Zero Waste MIT Events Planning Guide

This guide will help members of the MIT community to plan and execute meetings, parties, or other events with a goal of minimizing waste and environmental impact without sacrificing the quality of the event. The guide outlines the most important factors to consider and provides information about local resources available to reduce your event’s environmental footprint.

The guide was created through experiential learning in planning MIT’s first annual “Zero Waste Party” in conjunction with Earth Day in April of 2006, sponsored through a MIT Graduate Student Life Grant. See Zero Waste Party 2006. This document also draws heavily from other green event planning guides. Updated with further ideas from SfGS Zero Waste Showcase in December 2007.

General Guidelines

• Become conscious and purposeful in every item used for your event
• Be creative in minimizing waste and environmental impact.
• Assign leadership roles amongst the event planning committee for working toward a zero waste event.
• Think about where you can borrow items for reuse instead of purchasing anew, or think of who you can pass items along to afterwards for reuse.
• Talk to facilities, event-space managers, etc. beforehand about your desire to minimize waste and get their input of ideas.

• Take advantage of electronic media for publicizing the event. Email lists! But don't over-spam.
• Create an event web site.
• Offer electronic registration or confirmation.
• Print fliers on the clean side of used paper (there's ample in Athena printers!)
• Uses fliers sparsely and strategically and assure that they are recycled when removed from bulletin boards.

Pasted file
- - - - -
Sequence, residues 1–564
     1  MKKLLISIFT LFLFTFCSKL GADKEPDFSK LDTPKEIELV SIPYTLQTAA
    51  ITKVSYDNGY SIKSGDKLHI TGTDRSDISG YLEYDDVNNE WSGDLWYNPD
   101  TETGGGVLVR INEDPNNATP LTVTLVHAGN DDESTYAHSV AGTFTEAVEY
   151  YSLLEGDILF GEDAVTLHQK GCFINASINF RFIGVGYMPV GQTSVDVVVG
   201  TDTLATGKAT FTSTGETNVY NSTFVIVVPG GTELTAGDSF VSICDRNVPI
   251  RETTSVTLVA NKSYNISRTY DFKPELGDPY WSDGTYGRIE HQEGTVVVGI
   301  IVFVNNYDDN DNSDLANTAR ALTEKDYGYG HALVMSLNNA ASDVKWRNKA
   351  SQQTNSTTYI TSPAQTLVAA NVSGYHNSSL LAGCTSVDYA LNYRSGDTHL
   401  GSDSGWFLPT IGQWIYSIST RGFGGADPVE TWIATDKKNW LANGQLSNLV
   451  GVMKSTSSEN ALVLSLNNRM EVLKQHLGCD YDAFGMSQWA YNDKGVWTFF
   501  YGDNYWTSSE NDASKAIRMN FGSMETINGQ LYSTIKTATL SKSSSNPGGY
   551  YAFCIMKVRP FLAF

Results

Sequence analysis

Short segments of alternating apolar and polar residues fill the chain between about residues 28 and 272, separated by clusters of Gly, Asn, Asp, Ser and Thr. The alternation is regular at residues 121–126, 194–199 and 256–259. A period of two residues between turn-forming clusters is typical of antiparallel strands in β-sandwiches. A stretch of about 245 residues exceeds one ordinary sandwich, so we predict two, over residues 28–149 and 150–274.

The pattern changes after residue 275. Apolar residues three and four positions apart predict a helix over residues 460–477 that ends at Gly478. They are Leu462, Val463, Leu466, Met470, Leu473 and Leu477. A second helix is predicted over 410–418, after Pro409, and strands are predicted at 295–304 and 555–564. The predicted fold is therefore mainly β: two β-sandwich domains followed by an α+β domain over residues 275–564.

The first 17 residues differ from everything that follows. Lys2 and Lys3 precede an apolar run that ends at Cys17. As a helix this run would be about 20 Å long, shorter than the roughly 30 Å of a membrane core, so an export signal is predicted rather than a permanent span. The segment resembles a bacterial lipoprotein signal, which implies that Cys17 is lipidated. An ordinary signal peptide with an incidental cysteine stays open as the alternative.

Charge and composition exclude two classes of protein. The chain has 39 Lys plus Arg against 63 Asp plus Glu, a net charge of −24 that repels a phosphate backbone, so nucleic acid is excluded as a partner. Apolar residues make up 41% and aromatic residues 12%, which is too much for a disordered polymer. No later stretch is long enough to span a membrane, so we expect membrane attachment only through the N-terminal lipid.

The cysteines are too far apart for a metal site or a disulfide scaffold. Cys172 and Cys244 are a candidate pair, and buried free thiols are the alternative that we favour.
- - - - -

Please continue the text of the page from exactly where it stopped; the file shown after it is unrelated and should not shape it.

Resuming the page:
• LSC slides during the movie are available for each event at a cost of $50 per weekend. Information is available at http://lsc.mit.edu/info/slides. • All ASA-recognized student groups receive a total of 80 column-inches (equivalent to one full page) of free ad space in The Tech per academic year, split however they wish. Deadlines for advertisements are on a Tuesday-Friday system; all copy must be received by 4:30 p.m. on Friday for Tuesday publication, and by 4:30 p.m. on Tuesday for Friday publication. • Projectors in the Infinite Corridor are available for$80 per projector and \$125 for both. There can be a discount for ASA recognized student groups but need to be booked well in advance (4 months). Information is available at http://web.mit.edu/av/www/MoreHtml/Corridor_3.
• The Public Service Center has an Infinite Corridor slide that they offer to student groups- ask ahead.

Preventing & Reducing Solid Waste at the Event

• Avoid mass distribution of paper hand-outs. Distribute copies of handouts or slides electronically via the web after the event.
• Use double-sided printing for any materials to be distributed.
• Limit the use of glossy paper to applications where it significantly improves the publication.